UK supermarket Morrisons reported a surprise increase in like-for-like sales over the Christmas period. In the nine weeks to 3 January, like-for-like sales excluding fuel edged up 0.2% from the same period last year.
However, despite the better-than-expected results, Morrisons said it is closing more stores. After announcing the closure of 11 superstores and the sale of 140 convenience stores in September, the grocer's CEO David Potts said an additional seven branches will be shut down.
The closures are part of a bigger restructure within the company. Potts aims to significantly cut overhead costs, as Morrisons' balance sheet remains a cause for concern, despite the positive results. The store closures follow a 47% drop in half-year profits reported in September.
"We are pleased with our improved trading performance over the Christmas period," Potts said. "While there is of course much more to do, we are making important progress in improving all aspects of the shopping trip, and our customers tell us they are pleased with the changes."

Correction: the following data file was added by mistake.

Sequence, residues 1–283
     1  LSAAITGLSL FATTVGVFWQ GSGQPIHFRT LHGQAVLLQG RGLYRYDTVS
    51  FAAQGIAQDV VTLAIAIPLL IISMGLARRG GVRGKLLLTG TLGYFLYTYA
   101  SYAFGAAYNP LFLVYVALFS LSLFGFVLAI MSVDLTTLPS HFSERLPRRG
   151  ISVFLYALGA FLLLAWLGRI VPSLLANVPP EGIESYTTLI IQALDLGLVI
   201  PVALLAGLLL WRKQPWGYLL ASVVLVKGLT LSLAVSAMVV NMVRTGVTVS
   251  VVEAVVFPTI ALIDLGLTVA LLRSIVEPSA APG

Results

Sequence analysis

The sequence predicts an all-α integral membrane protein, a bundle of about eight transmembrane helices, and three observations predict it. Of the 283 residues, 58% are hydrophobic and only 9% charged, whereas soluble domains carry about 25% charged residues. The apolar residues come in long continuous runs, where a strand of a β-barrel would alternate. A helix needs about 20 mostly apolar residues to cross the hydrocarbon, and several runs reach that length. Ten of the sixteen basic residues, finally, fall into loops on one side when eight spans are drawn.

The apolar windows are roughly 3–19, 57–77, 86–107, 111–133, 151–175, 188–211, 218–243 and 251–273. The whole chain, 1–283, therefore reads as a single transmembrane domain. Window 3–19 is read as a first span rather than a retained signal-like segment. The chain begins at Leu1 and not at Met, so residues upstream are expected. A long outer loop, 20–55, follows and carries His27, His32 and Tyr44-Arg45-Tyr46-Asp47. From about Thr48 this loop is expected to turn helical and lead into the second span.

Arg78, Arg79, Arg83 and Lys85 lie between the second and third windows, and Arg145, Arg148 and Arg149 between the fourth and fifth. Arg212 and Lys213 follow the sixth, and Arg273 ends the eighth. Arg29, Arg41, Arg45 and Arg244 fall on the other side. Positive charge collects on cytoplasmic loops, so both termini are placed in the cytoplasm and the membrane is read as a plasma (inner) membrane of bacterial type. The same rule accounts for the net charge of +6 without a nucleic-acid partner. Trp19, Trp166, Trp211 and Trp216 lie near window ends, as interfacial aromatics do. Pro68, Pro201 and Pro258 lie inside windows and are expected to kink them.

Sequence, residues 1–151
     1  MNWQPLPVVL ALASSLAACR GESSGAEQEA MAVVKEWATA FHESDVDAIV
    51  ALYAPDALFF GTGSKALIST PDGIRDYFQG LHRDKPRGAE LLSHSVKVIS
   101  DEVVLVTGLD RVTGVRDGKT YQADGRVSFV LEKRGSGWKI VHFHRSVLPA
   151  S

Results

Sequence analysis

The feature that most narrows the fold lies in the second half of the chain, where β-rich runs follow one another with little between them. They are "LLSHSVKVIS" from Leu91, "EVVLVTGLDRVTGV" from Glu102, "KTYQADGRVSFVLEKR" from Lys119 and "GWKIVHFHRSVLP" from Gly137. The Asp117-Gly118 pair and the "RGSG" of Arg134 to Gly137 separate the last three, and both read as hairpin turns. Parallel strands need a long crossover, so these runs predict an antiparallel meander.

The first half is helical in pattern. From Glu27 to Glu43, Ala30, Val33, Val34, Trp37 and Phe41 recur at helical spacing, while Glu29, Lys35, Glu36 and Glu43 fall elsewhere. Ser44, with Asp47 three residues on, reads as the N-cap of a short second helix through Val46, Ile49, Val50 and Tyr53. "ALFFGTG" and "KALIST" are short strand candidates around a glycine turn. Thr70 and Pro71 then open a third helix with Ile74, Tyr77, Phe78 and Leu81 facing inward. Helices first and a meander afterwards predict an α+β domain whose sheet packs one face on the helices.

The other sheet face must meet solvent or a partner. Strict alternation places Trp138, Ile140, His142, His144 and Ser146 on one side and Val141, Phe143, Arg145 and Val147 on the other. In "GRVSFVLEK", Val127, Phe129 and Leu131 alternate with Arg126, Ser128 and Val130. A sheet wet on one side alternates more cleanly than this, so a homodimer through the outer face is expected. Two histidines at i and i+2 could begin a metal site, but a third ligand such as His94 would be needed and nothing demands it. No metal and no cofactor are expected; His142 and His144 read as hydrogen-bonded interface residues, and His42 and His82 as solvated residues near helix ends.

"In addition, we have made further progress in debt reduction, and our financial position is strong and getting stronger," he said.
Morrisons is far from out of trouble. The grocer's Christmas sales are not yet back to 2013 levels, having fallen 3.3% in 2014.
Total sales excluding fuel were also down 1.2%. Including fuel, total sales fell 1.7% after supermarkets cut their diesel and gas prices. The supermarket chain is working to reduce its debt, doing better than expected. Morrisons currently has around £1.9bn (€2.5bn, $2.76bn) debt outstanding.
The grocer is troubled as a result of the ongoing supermarket price war which has caused food prices to spiral downwards.